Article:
This is the meaning of death that is proclaimed to us in the Feasts of the Church. It is why we say at every feast, “The Joy of the Feast be with you!” – the joy of Christ whose death on the Cross has destroyed death; the joy of Christ’s Holy Resurrection whose Living Waters have spread throughout the world filling it with the Light of His glory that shines from Mt Tabor and from the life of the Theotokos, she who is called herself the Holy Mountain.

So, how does one enter into this meaning of the Christian Faith?

One notes that this morning’s Gospel takes place immediately after Christ comes down from Mt Tabor with His holy disciples. When we leave the Church after the Divine Liturgy and go back into the world, is it not like the disciples coming down from Mt Tabor with Christ and being thrust immediately back into the darkness of this world that lives not for God but for itself, and that has become darkness, filled with all kinds of infirmities and evils? And is it not significant that Christ, after He was transfigured on the Mount, returned immediately back to the world to continue on His path to Golgotha? In other words, He did not come into the world to forsake it. He came into the world to save it; and that meant descending into the teeth of the world’s darkness to crush them, to cast out the dark spirits lurking there and to transform hell into a place of rest and joyous anticipation – such as we experience when we come into the darkness of the Church on Great and Holy Saturday night. In Christ, the darkness has been transfigured into the darkness of the Theotokos’ womb, a darkness of expectant anticipation as we await the coming of the Bridegroom at Midnight in the glory and light of His Holy Resurrection.

Is this not teaching us that we enter into the meaning of the mystery of Christ’s Pascha not by forsaking the world but by entering into it and engaging it directly in the Yes of the Theotokos through which we become clothed in the Light of Christ? Then, our death becomes a martyrdom, a witness to the love of God and to the victory of His Cross by which death has been destroyed and those in the tombs have been given life. And, as we learn in this morning’s Gospel, we enter into the Yes of the Theotokos through prayer and fasting; in other words, by taking up our Cross in the ascetical disciplines of the Church. That means above all fasting with our minds so that our minds are centered on the Word of God, not on the words of the world; so that the images that are imbedded in our secret heart are not the images of the lusts of the world but images of the love of God in the glory of His saints in whom God rests in the light and joy of His Holy Resurrection, so that the food and drink of our inner being is the Living Bread and the Living Cup of the Church’s Holy Eucharist, the very body and blood of Our Lord Jesus Christ. That is to say, we enter into the meaning of Christ’s Holy Church and the meaning of Christ’s death and resurrection as we abide in the Word of God who abides in His saints in the Yes of the Theotokos; and as we seek to do God’s will and not ours, nourishing ourselves on the Gospel in the joyous light of Our Lord Jesus Christ.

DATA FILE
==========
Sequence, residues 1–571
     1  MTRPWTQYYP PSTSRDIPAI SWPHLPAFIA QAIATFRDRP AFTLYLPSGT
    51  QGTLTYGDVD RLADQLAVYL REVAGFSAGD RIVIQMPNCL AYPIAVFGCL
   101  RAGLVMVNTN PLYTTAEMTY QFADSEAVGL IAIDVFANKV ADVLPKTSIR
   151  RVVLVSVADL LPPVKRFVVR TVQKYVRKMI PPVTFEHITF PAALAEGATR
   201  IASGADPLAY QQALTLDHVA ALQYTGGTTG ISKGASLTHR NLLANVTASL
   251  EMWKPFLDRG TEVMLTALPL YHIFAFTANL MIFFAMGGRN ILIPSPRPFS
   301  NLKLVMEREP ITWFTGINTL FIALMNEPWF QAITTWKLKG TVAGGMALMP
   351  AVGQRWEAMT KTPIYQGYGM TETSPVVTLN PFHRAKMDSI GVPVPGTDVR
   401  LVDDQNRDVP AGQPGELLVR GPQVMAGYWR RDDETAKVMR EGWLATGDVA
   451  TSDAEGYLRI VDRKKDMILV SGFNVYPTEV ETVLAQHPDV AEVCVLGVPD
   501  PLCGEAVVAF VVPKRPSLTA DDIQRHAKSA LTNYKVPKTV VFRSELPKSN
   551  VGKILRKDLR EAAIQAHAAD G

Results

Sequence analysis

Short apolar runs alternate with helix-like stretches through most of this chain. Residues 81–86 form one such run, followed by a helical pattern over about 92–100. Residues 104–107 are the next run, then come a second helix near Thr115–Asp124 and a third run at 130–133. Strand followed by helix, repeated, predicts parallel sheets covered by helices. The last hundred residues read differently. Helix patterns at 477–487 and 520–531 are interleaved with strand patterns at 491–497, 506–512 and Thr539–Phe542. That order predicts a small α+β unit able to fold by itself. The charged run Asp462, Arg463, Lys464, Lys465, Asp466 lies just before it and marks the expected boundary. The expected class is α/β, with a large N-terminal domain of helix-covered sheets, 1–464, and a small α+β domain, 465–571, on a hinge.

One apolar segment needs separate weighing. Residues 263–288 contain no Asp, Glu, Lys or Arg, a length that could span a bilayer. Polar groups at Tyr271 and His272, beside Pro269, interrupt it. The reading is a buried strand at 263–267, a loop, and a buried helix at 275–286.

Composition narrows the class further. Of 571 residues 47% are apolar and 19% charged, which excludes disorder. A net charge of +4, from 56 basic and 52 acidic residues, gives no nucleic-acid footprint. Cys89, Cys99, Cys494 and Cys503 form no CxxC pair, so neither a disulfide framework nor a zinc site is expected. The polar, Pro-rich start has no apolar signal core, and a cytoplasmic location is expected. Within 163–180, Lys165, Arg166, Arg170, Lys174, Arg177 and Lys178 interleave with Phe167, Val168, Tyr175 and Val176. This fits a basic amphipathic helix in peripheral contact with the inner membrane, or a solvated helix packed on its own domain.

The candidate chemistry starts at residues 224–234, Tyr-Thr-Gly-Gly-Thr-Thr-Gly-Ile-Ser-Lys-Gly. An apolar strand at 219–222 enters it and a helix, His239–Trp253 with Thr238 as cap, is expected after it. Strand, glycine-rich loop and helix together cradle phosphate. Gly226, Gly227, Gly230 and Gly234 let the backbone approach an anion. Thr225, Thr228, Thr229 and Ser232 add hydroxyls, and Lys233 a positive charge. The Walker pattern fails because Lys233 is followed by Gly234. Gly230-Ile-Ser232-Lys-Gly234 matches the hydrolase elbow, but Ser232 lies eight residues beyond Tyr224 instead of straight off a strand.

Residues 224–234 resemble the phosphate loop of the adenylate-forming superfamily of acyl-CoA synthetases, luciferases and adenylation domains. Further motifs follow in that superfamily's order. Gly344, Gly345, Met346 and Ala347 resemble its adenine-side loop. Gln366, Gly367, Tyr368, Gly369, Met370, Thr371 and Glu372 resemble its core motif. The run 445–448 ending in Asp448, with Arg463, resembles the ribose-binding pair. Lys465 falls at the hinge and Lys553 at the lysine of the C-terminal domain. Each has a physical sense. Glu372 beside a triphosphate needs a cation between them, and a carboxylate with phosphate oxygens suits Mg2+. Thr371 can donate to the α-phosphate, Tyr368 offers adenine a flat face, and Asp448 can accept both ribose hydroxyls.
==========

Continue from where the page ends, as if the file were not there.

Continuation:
The Church is leading us through this blessed liturgical season of the year’s end as through the waters of our baptism. If we are attentive, mindful, if we are diligent in keeping our eyes and ears, our minds and heart, our hands and feet attending to the way of Christ and not to the way of the world, the eyes of our hearts will be opened to behold the mystery of the Church: that Christ is in our midst, God is in our midst, Immortal Life is in our midst, the love of God is in our midst, opening the gates of death onto a better and changeless path that ascends to God. We must abide in the Word of God. We cannot be casual about it. We cannot accommodate ourselves to the world. The Gospel, not the lusts of the world, must be our life, the food and drink of our mind and heart. The Gospel must be what we thirst and hunger for. As we pass over into the New Year, to the Nativity of the Theotokos and to the Elevation of the Cross, (and as I leave for vacation) I leave with you this exhortation: let’s encourage each other to be ever more faithful to the Word of Christ’s Holy Church, so that our life may become in our dying a witness to a darkened world starved for meaning to the ineffable love of God, the secret of the Christian Faith, the underlying principle of the world. Amen.